Your Teenager and Crohn’s: How To Start Coping With Diet

Your Teenager and Crohn’s: How To Start Coping With Diet

My daughter was diagnosed with Crohn’s disease around the time she was 15. She probably had been developing the symptoms for quite awhile before this. But I was not aware of it.

Without my knowing it she had started to have huge cravings for high sugar items such as candy bars and sweets and was eating them on a regular basis at school. At home she was still eating our meals but starting to feel discomfort after eating. At first we thought it might be indigestion or time of month cramps. Together with our doctor, we began a round of investigation.

By the time she was diagnosed she was experiencing intense stomach/intestinal pain, diarrhoea, gas, bloating, was starting to lose weight and also had anal lesions.

Changes in Diet Are Not Easy When Others Are Eating Your Favourite Foods

Before the medical test results came back I went to a naturopath who suggested a radical change of diet for my daughter. More importantly, I felt it would have to be a change of diet for our household because I could not contemplate cooking two menus at each meal. I had been attempting to come to terms with this advice which seemed like a hugely difficult, if not impossible, challenge.

For this reason, I am well aware of how difficult this diet aspect can seem at first. As a single working mom I did not know if I had the strength or the inner resources to see it through.

But then my daughter nearly died from an acute inflammatory appendicitis attack and I felt I had no choice. We would plunge into the diet and tackle the inevitable ‘but I really, really, really want {insert item} right now, why can’t I just try it this once?’

Chicken Egg drop Soup, Boiled Chicken and Mashed Carrots: Diet After Acute Symptoms

Once my daughter came home from the hospital we started on a regimen of chicken egg drop soup, boiled chicken and mashed carrots. For breakfast boiled eggs would have probably been best but she didn’t like them so initially chicken egg drop soup was it.

I still held my breath every time she ate, dreading any return of stomach pain. But the bland diet which we were following on the advice of the naturopath was directly from a book, Breaking the Vicious Cycle: Intestinal Health Through Diet, written by Elaine Gottschall, a researcher who had studied the dietary aspect of Inflammatory bowel disease for years and it seemed to be working. (See Crohn’s, Celiac or Ulcerative Colitis: First Simple Diet Steps)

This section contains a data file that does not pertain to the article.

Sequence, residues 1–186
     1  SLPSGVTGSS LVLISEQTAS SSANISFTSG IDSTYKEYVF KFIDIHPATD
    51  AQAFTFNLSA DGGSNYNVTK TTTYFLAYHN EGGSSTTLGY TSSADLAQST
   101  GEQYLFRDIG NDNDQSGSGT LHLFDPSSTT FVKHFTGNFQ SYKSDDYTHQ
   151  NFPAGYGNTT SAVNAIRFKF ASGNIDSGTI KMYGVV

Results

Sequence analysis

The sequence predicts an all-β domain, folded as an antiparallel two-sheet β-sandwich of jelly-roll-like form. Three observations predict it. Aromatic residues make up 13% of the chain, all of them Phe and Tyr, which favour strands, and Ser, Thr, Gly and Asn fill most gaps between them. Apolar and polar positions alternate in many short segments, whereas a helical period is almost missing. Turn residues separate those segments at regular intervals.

Expanding the Menu

Once I was sure my daughter’s stomach was comfortable with the above limited menu we tried the following foods:

Baked apple with a little honey and cinnamon.

This was actually delicious. There is nothing like the smell of apples baking and the taste of baked apple with a skin that is a little crunchy.

A note about cinnamon: most varieties of cinnamon sold in stores are actually cassia, not real cinnamon. Cassia has been shown to have a fairly high level of coumarin. It is believed that coumarin can cause liver damage in particularly sensitive individuals when eaten in quantity (As reported in a white paper by BfR: The German Insitiute for Risk Assessment: Selected Questions about coumarin in cinnamon and other foods).

Sometimes cinnamon made from cassia has added sugar. It is best to get Sri Lankan (Ceylon) cinnamon from a natural health source if you are going to use it. It tends to be cheaper in bulk than if you buy it already packaged.

Chicken soup with a puff omelette.

This was my mother’s recipe that she used to make for me when I was growing up. It is simple and good.

Take two eggs – they’re better at room temperature but it’s not absolutely necessary.

Separate the egg whites into one medium bowel and the egg yolks into a smaller bowel. Beat the egg whites until peaks start to form. Beat the egg yolks with a pinch of salt until they are light yellow.

Gently fold the yolks into the whites and carefully pour over chicken soup which is simmering in a medium sauce pan. Cover and allow to simmer a few minutes until eggs are done.

The puff omelette will be steamed on top of the soup. Gently loosen omelette if stuck to the sides of the pan and serve. Sprinkle with dill or parsley if desired.

Chicken Lettuce Soup

For variety, and because I was worried about the effects of raw food on my daughter’s stomach, I would simmer chicken soup and throw in two or three handfuls of field greens, chopped Swiss chard, spinach or kale leaves, allow them to soften and then puree with a blender or wand.

Puff Omelette with Apple Sauce

I love this omelette. There are variations when additional foods are allowed but this is the simplest version.